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A cataract is a clouding of the lens in an eye that can cause dull and blurry vision. Cataracts can slowly develop over time as a person becomes older, and may also be caused by smoking and diabetes. A cataract can be removed and replaced with an artificial lens that restores vision.[8]

4. Glaucoma

Glaucoma occurs when a group of eye diseases that damage the optic nerve to cause vision loss and blindness. Blurry vision is a common symptom of angle-closure glaucoma, which occurs when the fluid at the front of the eye is unable to drain and leaves the eye at the angle where the cornea and iris meet. Glaucoma may be treated using medications, laser treatment, and surgery.[9]

5. Macular Degeneration

Age-related macular degeneration is an eye disease that causes vision loss in people aged 60 and older. This disease destroys the sharp, central vision that allows you to see objects clearly and perform tasks such as driving and reading. Blurry vision is a common early symptom of age-related macular degeneration, which occurs when abnormal blood vessels under the macula leak blood and fluid to cause damage.[10]

6. Psoriasis

Up to 20% of psoriasis patients will experience eye inflammation characterized by symptoms of redness, eye pain, and blurry vision.[11] Psoriasis is a skin disease that causes a high rate of cell turnover. With psoriasis, skin cells go through life cycles in days as opposed to weeks, which leads to the development of raised patches of red, itchy skin. Psoriasis may be treated using creams, medications, and UV light therapy.[12]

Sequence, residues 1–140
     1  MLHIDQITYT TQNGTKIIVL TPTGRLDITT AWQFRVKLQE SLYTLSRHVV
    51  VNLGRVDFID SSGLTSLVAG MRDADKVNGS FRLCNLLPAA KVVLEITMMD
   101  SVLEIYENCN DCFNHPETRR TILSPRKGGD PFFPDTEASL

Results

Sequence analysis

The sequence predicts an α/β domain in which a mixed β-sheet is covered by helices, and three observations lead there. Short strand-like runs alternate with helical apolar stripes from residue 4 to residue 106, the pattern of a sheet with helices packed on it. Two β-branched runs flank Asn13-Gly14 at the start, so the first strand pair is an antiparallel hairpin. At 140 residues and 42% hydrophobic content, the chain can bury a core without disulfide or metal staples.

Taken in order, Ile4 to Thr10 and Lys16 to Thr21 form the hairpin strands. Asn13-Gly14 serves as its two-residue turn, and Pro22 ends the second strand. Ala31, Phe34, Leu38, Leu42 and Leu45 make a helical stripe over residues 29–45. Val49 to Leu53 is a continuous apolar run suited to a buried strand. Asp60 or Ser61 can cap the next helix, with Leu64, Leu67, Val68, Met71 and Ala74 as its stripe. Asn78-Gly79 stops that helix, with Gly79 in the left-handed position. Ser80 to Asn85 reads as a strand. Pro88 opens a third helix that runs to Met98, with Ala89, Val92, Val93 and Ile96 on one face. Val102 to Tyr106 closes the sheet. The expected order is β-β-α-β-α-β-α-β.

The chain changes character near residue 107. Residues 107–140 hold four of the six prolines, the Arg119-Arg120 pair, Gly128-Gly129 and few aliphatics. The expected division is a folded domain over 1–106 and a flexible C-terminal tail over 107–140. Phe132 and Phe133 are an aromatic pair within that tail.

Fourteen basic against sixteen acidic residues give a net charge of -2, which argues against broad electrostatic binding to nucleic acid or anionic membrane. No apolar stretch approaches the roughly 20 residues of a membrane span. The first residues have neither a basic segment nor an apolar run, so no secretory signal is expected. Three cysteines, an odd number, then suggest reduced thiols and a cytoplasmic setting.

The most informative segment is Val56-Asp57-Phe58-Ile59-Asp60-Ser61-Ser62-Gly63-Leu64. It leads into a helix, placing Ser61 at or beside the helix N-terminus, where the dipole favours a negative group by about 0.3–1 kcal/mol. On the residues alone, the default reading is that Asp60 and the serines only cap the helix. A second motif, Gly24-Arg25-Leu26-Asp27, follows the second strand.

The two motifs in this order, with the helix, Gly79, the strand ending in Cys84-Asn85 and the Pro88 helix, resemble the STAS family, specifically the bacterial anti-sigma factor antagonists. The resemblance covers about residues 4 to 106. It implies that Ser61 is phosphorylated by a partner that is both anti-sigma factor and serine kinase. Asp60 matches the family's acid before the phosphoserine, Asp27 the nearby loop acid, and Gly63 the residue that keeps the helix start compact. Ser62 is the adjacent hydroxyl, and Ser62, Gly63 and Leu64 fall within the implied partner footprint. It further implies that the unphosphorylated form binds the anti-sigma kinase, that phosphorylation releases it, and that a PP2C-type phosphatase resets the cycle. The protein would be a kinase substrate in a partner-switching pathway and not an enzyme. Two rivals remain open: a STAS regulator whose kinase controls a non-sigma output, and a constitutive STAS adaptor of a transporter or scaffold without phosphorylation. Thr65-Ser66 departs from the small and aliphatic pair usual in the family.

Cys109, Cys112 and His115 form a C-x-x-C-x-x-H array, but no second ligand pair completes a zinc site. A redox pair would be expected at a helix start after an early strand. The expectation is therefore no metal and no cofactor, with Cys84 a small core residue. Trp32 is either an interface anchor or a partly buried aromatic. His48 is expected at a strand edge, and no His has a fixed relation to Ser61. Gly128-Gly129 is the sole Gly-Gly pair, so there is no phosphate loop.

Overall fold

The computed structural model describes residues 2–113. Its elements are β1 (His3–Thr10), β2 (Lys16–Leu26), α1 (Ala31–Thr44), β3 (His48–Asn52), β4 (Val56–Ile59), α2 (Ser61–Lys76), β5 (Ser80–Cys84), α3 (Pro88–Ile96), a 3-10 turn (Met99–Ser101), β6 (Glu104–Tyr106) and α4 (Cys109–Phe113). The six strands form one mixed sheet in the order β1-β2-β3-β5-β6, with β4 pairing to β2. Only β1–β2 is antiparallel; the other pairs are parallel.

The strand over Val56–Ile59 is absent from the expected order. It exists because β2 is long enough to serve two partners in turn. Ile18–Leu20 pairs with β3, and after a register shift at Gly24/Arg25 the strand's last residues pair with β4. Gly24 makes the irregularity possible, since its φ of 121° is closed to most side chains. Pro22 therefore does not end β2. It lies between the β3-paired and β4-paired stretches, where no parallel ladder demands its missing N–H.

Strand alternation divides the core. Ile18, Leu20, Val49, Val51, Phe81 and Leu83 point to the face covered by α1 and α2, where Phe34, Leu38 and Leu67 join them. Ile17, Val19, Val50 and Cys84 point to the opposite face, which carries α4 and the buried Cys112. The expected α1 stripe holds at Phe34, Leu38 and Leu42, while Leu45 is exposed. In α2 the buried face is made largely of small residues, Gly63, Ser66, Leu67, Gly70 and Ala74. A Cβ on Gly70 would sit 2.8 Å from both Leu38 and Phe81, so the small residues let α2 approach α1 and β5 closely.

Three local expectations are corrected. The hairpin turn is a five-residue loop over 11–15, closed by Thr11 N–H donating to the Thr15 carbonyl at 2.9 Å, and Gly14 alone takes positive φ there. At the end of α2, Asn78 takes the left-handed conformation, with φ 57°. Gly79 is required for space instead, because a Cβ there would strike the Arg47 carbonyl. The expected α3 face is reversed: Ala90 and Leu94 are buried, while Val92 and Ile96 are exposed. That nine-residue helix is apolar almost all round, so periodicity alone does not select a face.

7. Stroke

Blurry vision is a common warning sign of stroke, along with poor focus, double vision, and partial vision loss.[13] A stroke occurs when blood supply is blocked to a part of the brain or when a blood vessel bursts inside the brain. This can lead to permanent brain damage, disability, and death.[14] A stroke can often be prevented by practicing healthy lifestyle behaviors such as eating healthy foods, maintaining a healthy weight, exercising regularly, and limiting alcohol intake.[15]

8. Multiple Sclerosis

Blurred or double vision, eye pain, vision loss, and red-green color distortion are among the first symptoms of multiple sclerosis. Multiple sclerosis is a chronic central nervous system disease in which the body attacks itself by mistake. This disease is thought to be caused by autoimmune disorders, viruses, and genetics, and can be treated using medications and physical therapy.[16]

Questions Your Doctor May Ask About Blurry Vision

  • Are you experiencing other symptoms aside from blurry vision?
  • When did you first start having blurry vision?
  • Are there specific triggers that cause your blurry vision?
  • Do your eyes ever suffer from dryness?
  • Which medicines and medications are you currently using?
  • Do you wear contact lenses?
  • Do you spend lots of time on a computer or another device?
  • Have you been diagnosed with diabetes?
  • Do you ever suffer migraine headaches?
  • When was your last eye examination?
  • Do you have psoriasis?

Blurry Vision May Also be Known as:

  • Double vision
  • Refractive errors
  • Distorted vision
  • Dull vision
  • Fuzzy vision
  • Hazy vision
  • Bleary vision
  • Cloudy vision
  • Foggy vision

References

16 Sources